At 8 a.m. on Election Day, students Shelby Hinds and Eric Rosen helped two longtime voters who had planned to vote in person but were unexpectedly hospitalized on the eve of Election Day.

Michigan Medicine says the students drove first to Pinconning, then to Bay City, to deliver the patients’ signed requests for emergency absentee ballots to their local clerks. Then, ballots in hand, they drove back to University Hospital so the patients could make their choices.

The final leg of the journey will be handled by the patients’ husbands, who will both return home this evening to drop off their wives’ ballots and then go cast their own votes.

Michigan Medicine says patients who are unexpectedly hospitalized and/or have experienced a significant personal emergency in the days leading up to the November 3 voting deadline qualify to request an emergency absentee ballot under state law.

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These teens, tweens are some of the Covid-19 vaccine trial’s youngest volunteers

When Abhinav, an Ohio seventh grader, learned that a Covid-19 vaccine trial near his hometown was enrolling children, he wanted to participate. But there was one aspect of the study that had him worried.

“I was mostly a bit nervous about the blood draws, because I had one about five years ago, and it wasn’t so comfortable,” Abhinav, 12, said.

Nonetheless, he decided to enlist in the trial, which is run by Pfizer Inc.

“I think that it could really benefit the world, and I think it could also help scientists know more about the coronavirus,” said Abhinav, whose family asked that their last name not be used to protect their privacy.

Abhinav received his first injection at Cincinnati Children’s Hospital Medical Center last Thursday, making him among the youngest participants in the world to take part in a Covid-19 vaccine trial. His father, Sharat, a bone marrow transplant physician, had already been in the trial himself, and encouraged Abhinav to sign up after experiencing no ill effects other than a fever that lasted for a day or two.

“I’m happy that he’s doing his bit for science,” Sharat said of his son. “With the Pfizer study, no major side effects have been reported so far, so that made me comfortable with enrolling Abhinav as well.”

Earlier this month, Pfizer became the first pharmaceutical company in the United States to receive approval from the Food and Drug Administration to test its vaccine on children as young as 12. The kids who have signed up say they are proud to be participating — and say they feel safe doing so.

“They were talking about symptoms, and they were just fatigue, low-grade fever, headache. I was thinking, ‘I hope I don’t have anything like that because I don’t want it to mess with school or work,’” Katelyn Evans, 16, of Green Township, Ohio, said. “But I wasn’t thinking about my permanent health for a short-term inconvenience.”

Katelyn Evans, 16, receives a Covid-19 vaccine during a trial at Cincinnati Children's Hospital Medical Center on Oct. 14. (Cincinnati Children's Hospital Medical Center)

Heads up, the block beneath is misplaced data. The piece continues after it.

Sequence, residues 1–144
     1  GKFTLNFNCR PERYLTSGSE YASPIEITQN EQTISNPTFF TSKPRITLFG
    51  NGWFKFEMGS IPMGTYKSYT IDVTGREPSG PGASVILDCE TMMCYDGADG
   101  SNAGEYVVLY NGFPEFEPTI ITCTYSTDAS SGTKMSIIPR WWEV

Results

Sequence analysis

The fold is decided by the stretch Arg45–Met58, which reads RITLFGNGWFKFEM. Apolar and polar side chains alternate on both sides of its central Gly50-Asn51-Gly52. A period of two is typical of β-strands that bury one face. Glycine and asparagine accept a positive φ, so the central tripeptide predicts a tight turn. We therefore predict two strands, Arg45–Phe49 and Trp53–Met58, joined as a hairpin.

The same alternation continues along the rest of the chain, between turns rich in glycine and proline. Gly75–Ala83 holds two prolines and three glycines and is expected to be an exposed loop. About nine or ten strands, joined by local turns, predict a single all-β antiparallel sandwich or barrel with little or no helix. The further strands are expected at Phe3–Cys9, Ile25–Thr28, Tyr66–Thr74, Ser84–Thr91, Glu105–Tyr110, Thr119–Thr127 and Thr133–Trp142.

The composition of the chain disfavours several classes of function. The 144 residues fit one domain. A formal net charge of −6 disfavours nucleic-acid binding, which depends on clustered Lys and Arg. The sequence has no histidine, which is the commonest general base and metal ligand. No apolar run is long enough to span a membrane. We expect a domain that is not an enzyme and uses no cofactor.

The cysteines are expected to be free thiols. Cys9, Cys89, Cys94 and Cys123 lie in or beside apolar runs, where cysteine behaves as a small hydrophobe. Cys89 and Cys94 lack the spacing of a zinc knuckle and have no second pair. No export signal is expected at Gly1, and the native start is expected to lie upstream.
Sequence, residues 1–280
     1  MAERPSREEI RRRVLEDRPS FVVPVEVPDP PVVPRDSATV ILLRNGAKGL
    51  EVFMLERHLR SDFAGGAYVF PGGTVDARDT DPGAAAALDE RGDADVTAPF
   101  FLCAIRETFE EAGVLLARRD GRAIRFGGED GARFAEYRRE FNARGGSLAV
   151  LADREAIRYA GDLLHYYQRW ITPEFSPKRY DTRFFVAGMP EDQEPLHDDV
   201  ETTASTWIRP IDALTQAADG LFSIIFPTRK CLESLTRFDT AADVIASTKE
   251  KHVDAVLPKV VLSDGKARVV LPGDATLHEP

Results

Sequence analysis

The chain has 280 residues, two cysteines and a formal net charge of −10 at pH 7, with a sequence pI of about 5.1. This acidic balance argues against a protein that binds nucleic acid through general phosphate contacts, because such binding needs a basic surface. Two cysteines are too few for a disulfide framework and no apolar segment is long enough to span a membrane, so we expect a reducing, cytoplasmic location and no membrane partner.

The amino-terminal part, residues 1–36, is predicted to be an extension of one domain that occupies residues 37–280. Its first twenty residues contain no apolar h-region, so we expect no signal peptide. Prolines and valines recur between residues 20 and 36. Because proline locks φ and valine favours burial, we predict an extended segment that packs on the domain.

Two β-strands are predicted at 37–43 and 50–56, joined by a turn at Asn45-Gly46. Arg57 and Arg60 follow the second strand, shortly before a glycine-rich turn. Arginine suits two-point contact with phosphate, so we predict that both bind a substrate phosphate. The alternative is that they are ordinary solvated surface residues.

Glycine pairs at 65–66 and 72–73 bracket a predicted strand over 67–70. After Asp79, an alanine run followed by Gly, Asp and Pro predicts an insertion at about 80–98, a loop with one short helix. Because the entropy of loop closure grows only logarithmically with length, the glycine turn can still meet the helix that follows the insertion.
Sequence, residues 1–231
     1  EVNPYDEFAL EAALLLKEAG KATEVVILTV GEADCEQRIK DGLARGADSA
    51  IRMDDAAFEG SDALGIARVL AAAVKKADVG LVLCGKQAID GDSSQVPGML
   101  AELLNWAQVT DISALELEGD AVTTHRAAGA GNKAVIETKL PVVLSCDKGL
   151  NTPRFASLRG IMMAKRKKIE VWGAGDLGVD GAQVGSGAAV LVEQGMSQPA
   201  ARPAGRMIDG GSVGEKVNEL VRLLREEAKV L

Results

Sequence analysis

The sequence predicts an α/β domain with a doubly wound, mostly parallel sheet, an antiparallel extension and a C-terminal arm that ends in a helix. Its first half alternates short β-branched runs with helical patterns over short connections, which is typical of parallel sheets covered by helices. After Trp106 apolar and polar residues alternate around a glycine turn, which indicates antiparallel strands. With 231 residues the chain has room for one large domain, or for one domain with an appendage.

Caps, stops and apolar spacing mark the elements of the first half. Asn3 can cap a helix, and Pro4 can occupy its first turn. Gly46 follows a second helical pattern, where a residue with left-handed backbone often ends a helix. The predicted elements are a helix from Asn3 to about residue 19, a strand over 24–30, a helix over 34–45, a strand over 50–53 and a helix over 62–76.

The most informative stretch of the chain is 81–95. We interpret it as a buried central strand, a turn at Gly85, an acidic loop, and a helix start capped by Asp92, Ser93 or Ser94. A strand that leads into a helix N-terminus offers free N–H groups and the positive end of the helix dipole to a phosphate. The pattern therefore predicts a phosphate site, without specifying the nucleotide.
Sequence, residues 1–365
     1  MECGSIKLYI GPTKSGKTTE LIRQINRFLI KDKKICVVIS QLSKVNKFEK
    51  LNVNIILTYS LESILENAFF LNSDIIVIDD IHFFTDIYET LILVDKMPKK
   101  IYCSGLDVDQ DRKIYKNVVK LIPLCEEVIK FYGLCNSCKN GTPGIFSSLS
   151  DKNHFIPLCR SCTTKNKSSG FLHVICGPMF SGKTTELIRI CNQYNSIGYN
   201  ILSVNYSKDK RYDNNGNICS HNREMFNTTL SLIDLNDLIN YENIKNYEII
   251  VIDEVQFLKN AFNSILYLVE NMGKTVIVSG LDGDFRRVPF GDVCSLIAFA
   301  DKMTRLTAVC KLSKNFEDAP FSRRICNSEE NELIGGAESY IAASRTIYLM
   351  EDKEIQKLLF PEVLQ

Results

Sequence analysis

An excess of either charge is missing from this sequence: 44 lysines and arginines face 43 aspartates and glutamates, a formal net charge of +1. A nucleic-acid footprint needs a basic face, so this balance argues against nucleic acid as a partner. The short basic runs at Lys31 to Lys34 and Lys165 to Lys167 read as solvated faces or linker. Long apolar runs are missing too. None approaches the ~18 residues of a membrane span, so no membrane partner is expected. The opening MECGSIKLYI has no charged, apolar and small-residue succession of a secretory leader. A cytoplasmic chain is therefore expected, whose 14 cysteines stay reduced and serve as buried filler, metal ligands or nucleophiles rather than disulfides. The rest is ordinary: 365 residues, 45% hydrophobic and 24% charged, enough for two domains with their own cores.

Katelyn Evans, 16, receives a Covid-19 vaccine during a trial at Cincinnati Children’s Hospital Medical Center on Oct. 14. (Cincinnati Children’s Hospital Medical Center)

Like most of the other coronavirus vaccine trials, Pfizer’s involves getting two shots. Participants are given the shots three weeks apart and then have their health monitored for two years by researchers. The participants do not know whether they are receiving a placebo injection or an actual Covid-19 vaccine.

Either way, the youngest trial volunteers say they have confidence in the vaccines that are being developed — putting them at odds with many adults across the country.

Manufactured during a highly politicized pandemic in a matter of months versus the years or decades that a vaccine typically takes, the Covid-19 vaccines have prompted growing skepticism. A survey in October from Stat News and the Harris Poll found that only 58 percent of the American public would get a vaccine when it becomes available, down from 69 percent of those polled in August.

But researchers say the vaccines they are testing

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UK backs COVID-19 vaccine trials that infect volunteers

LONDON (Reuters) – Britain said on Tuesday it would back “human challenge” trials, where young and healthy volunteers are deliberately infected with COVID-19, to accelerate the development of vaccines for the disease.

The government said it would invest 33.6 million pounds ($43.5 million) in the studies in partnership with Imperial College London, laboratory and trial services company hVIVO and the Royal Free London NHS Foundation Trust.

If approved by regulators and an ethics committee, the studies would start in January with results expected by May 2021, the government said.

Britain’s hVIVO, a unit of pharmaceutical services company Open Orphan, said on Friday it was carrying out preliminary work for the trials.

Using controlled doses of virus, the aim of the research team will initially be to discover the smallest amount of virus it takes to cause COVID-19 infection in small groups of healthy young people, aged between 18 and 30, who are at the lowest risk of harm, the government said.

Up to 90 volunteers could be involved at the early stage, it said.

Imperial College’s Chris Chiu, lead researcher on the human challenge study, said the trials could increase understanding of COVID-19 in unique ways and accelerate development of the many potential new treatments and vaccines.